It’s a girl! Initial thoughts: Tiny. Pink. Peaceful. Ten fingers. Ten toes. Perfect. Looks like my host sister. Beautiful. Nameless? The next few days, I learned a lot about traditional rituals that pregnant women and newborn babies endure around/during this special time.
- Her name? For the first week or so, we called her various cutesy terms of endearment, like ‘ancil’ ‘unyu-unyu’ and my favorite ‘ayam goreng’ which means fried chicken. In Indonesia, the umbilical cord of many babies isn’t cut off completely, leaving a couple of inches still intact. Once the papak puser (umbilical cord) falls off, the baby is given a name. Now that her umbilical cord has fallen off, she is whole enough for a real name: Khanza Nur Shakaila !
- Next to the cooking area in our house, I found what appeared to be a small pile of dirt, with a halogen light bulb dangling precariously by a thin cord. When I asked my host sister about this mysterious little mound. She pointed to her stomach, made some fun hand gestures, said something of which the only word I recognized was saudara (sibling). Though confused, I interpreted this as having to do with preserving her placenta. The next morning I asked my counterpart to clarify. Surely enough, buried beneath the dirt, mixed with various seeds, was rahim (the womb) which many Javanese believe carries the spirit of the newborn’s sibling. The inauspicious spirit is kept for an indefinite amount of time. For female babies, it is kept inside the house, for male babies, it is kept outside. Sometimes there is a ritual performed, with a man (sometimes the father) dressed as a woman and scripture from the holy al-Quran is read.
- Instead of a crib, baby Khanza sleeps under a collapsable net fixture, also known as slambut that keeps the mosquitoes away. The net fixture could easily be confused for the plastic cover that Indonesians place over food that is yet to be eaten, to keep insects away. Baby Khanza sleeps between two baby-sized (SO CUTE) body pillows. Hiding under one of the body pillows is a pair of scissors — also to ward off bad spirits. Some people hide scissors, others a knife. Sometimes both!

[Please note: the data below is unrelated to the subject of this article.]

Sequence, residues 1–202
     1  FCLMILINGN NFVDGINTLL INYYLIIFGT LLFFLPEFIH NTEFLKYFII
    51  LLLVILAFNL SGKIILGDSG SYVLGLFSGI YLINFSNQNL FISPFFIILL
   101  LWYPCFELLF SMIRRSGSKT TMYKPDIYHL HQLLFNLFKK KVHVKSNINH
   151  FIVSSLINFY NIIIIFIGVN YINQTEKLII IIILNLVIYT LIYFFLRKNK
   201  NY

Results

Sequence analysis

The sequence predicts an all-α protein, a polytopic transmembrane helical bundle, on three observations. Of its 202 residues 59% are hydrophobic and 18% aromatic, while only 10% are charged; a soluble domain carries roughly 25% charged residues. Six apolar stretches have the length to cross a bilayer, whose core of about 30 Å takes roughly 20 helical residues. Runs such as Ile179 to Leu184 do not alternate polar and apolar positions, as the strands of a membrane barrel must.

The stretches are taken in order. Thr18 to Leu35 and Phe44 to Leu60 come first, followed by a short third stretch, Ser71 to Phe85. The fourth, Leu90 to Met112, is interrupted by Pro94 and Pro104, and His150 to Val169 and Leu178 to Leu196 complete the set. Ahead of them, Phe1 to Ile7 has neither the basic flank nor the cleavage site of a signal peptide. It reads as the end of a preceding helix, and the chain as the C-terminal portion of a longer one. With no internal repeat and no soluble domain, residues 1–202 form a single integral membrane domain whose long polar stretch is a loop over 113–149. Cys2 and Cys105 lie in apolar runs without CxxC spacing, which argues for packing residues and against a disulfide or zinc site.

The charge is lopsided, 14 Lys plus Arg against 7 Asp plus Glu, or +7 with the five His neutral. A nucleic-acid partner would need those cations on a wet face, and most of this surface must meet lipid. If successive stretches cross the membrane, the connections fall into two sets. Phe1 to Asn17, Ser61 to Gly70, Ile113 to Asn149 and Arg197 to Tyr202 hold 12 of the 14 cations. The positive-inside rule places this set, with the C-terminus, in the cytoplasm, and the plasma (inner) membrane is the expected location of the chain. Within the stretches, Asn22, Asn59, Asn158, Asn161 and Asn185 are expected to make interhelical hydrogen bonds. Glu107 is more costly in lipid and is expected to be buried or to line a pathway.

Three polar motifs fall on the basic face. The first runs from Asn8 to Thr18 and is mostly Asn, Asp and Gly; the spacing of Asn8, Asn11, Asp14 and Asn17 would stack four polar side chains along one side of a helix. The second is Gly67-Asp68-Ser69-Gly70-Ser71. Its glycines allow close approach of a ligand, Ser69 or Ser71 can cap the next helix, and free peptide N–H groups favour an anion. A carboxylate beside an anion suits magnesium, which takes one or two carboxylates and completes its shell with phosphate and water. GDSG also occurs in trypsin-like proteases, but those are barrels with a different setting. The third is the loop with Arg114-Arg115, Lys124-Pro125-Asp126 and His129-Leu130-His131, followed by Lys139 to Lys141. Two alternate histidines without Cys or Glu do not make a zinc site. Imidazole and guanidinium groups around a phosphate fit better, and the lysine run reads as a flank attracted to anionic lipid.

- Many traditional Javanese thinkers still believe that when there is a lunar eclipse, the pregnant woman must eat a hard-boiled egg, and either hide under their bed momentarily or else sit on top of a rice-shucking machine (commonly found in most villages). This is a ritual that even my counterpart performed though she doesn’t believe in the superstition. The saying goes that there’s a buto hijau (green ogre) that lives on the moon, and he’ll come and harm the baby if the pregnant woman doesn’t follow the ritual.
- before and after bathing, pregnant women should not wrap a towel around their neck. Consequence: while giving birth, the baby may become trapped/strangled by the umbilical cord.
- pregnant women should not eat anything while standing in a doorway (who eats in front of doorways anyways, go sit down!). Consequence: will have difficulty giving birth.
- pregnant women should not consume too many chilis (who’s to set a limit if everyone has differing tolerance levels?). Consequence: the baby will have many beneken (Javanese for ‘eye boogers’).
Other thoughts. I held baby Khanza for the first time the other day, she’s the cutest and calmest thing. She surely smells powdery and rosy as babies should. It was the first time I’d ever held a baby that tiny and well, new, before. Have you ever seen a newborn with hiccups? It is one of the most heart-wrenching things in the world. No joke. My house constantly smells like fresh laundry. My host sister has a mountain of gifts piling up in the corner of a room, there’s enough soap and laundry detergent to last until I start having children (which will be quiiiiiite a while from now). My host sister says that when she bathes Khanza, she tries to sculpt her nose to become more pointed like mine. The goal is to keep her skin as white as possible. I wish Indonesians would accept and embrace their natural complexion and nose shape, if we all looked the same, the world would be the most mundane place. Of course, the reality is that I have a light complexion and only a half Asian nose, and thus I am content.
Every Monday, I will be documenting Khanza’s growth (first picture is from week one and so on):
When my family has asked if there were any rituals that Americans have for pregnant women, nothing really came to mind. Does anyone know of any unique traditions?